Other Dog Links


Picturebooks With Dogs In

My favourite dog book as a child was Shadow The Sheep Dog by Enid Blyton.

Shadow The Sheep Dog Enid Blyton Cover

// Wonderful Poodle 1949

I have not actually read the above book but it looks great.

the dog's ear book

So does this one.

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Cats In Children’s Literature

vintage book cover

the fat cat

The Fat Cat Pimpernel  Pictures by Alan Howard. ......... If this was "The Fat Cat Jelly-Roll" it would be PUURRRFECT :D

retro puss in boots cover

What were your favourite childhood books? Were any of them about cats? Mine was Katie the Kitten, a miniature version of a Little Golden Book. Honestly, I think it was the smaller size of the book that attracted me to it, as I was obsessed with small things.

Katie The Kitten Little Golden Book

MORE ON CATS

Meet the delusional breeders behind the world’s crossbreed cats, from Jezebel

Catwoman with every fictional cat ever, from The Mary Sue

Book Reviews: Cat Tales from Reading Today Online

Why Cats Are Ousting Dogs In Literature  from The Telegraph


Picturebook Study: Z Is For Moose by Kelly Bingham and Paul O. Zelinsky

Z Is For Moose Cover

Z Is For Moose Back Cover

Kate de Goldi discusses Z Is For Moose on Radio New Zealand and has trouble not laughing. (This is what made me buy the book.)

There is something inherently funny about a moose. Is it the bulbous snout, or the slightly onomatopoeic name? (I’m not sure what real-world sound the word ‘moose’ makes, but it should, shouldn’t it?)

See also: Inherently Funny Animals in which the moose is still the funniest, precisely because there’s no reason for him to be.

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Monsters In Children’s Books

15 Not So Scary Books About Monsters

List from Fantastic Fun and Learning

There are a lot of picture books with the message for preschoolers: Don’t be scared of the dark. The monsters you imagine are benign. We’ll then read a book about a terrible monster under the bed who turns out to be an adorable fluffy creature who befriends the child protagonist.

Here’s what I’d like to know: Do all children imagine monsters? Or is the idea of a monster introduced by the very media designed to assuage their fears? If we were to bring up a child sans media, sans Grimm, sans terror, would that child still conjure up the worst?

I doubt anyone has managed that experiment, but I do know that for our part, the resident toddler didn’t start being afraid of the dark until she started watching more sophisticated television and listening with some comprehension to picture books.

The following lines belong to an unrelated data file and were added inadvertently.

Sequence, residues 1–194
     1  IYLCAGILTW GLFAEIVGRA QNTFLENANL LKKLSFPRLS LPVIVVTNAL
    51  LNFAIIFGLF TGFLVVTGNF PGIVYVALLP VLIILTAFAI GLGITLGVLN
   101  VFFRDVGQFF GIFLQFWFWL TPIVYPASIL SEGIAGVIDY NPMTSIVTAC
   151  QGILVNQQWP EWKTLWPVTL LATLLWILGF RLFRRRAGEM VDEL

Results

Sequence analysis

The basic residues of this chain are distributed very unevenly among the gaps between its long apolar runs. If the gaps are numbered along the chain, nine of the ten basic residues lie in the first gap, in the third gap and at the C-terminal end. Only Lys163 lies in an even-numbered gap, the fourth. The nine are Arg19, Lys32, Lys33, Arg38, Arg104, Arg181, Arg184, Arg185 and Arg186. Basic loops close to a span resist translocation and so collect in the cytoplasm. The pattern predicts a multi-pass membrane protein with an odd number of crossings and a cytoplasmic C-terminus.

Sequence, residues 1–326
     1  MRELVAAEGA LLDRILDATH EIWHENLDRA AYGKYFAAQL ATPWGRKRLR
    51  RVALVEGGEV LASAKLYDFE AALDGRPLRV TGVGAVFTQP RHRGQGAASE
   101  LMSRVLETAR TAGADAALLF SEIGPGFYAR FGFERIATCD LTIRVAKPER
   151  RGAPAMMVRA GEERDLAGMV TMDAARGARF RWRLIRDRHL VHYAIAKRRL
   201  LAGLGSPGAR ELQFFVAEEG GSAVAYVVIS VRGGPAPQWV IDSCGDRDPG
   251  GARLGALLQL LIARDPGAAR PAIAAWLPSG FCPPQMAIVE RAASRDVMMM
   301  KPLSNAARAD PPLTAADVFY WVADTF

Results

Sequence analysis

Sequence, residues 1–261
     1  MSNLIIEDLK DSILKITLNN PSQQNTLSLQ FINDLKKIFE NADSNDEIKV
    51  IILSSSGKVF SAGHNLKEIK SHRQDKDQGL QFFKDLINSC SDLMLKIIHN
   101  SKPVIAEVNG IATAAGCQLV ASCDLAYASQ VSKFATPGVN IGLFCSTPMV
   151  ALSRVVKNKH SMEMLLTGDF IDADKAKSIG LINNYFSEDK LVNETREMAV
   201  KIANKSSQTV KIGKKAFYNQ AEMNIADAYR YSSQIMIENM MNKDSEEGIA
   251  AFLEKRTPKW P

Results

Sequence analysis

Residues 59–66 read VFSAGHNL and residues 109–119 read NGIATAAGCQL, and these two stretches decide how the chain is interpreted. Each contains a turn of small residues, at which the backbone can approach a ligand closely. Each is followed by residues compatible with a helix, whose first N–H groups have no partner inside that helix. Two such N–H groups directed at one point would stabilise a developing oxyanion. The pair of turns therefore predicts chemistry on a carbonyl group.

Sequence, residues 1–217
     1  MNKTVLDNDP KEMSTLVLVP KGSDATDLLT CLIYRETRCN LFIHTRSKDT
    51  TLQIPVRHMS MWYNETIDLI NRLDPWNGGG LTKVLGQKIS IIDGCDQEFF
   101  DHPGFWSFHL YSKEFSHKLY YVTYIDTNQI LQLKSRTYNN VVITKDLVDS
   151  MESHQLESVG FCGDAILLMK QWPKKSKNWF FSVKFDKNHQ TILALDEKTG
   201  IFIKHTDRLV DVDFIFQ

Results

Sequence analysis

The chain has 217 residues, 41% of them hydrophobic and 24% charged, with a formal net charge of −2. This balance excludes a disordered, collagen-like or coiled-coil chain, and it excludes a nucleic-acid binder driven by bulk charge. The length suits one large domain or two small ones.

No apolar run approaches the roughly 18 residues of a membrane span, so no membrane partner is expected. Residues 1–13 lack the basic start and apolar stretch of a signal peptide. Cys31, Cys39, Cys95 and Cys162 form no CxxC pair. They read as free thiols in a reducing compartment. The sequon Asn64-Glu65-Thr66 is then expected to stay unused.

The Greatest Monsters In Children’s Literature from Flavorwire

Goodreads List of Picture Books About Monsters. (Can you guess the book at number one spot?)

 

OTHER MONSTER RELATED STUFF

Why Were There So Many Giant Insects In The 1950s? from io9

Mythical Beasts and Modern Monsters from Brainpickings

This List of Legendary Creatures From Japan will open your eyes to the wonderful, wacky world of Asian mythology and folklore and you may realize Grimm Brothers’ fairytales were text bundles of joy by comparison.


Dialogue In Literature

“I’m not going to come!” he ejaculated.

“That’s the day you won the cricket match,” she chirped.

Dialogue in fiction should be reserved for the culminating moments and regarded as the spray into which the great wave of narrative breaks in curving toward the watcher on the shore.

EDITH WHARTON

As wonderful as that quote is, for a more practical overview of dialogue mechanics, see chapter 5 of ‘Self-Editing for Fiction Writers: How to edit yourself into print’ by Renni Browne and Dave King.

Self-Editing For Fiction Writers

Here is a summary:

There is plenty of room for poetic licence in fiction but when it comes to punctuating and attributing dialogue, there are rules. First, some technical terms…

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Short Story Study: The People Across The Canyon by Margaret Millar

Hear the story read by Douglass Greene at Alfred Hitchcock’s Mystery Magazine.

This is my favourite story from the excellent collection Troubled Daughters, Twisted Wives. This is partly due to how much I relate to the characters; when our daughter was 5 some new neighbours moved in next door. They were very unfriendly, but had two sons who were overly friendly. They would invite our daughter next door, but oftentimes she came back subdued, and once, crying. I never knew what happened next door, but I did learn more and more about the family, and had to stop my daughter from going over there. When you’re the parent of a child between around 4-8, it’s difficult to discern fact from fiction; children so often live in their own worlds. The People Across The Canyon encapsulates that confusion most beautifully.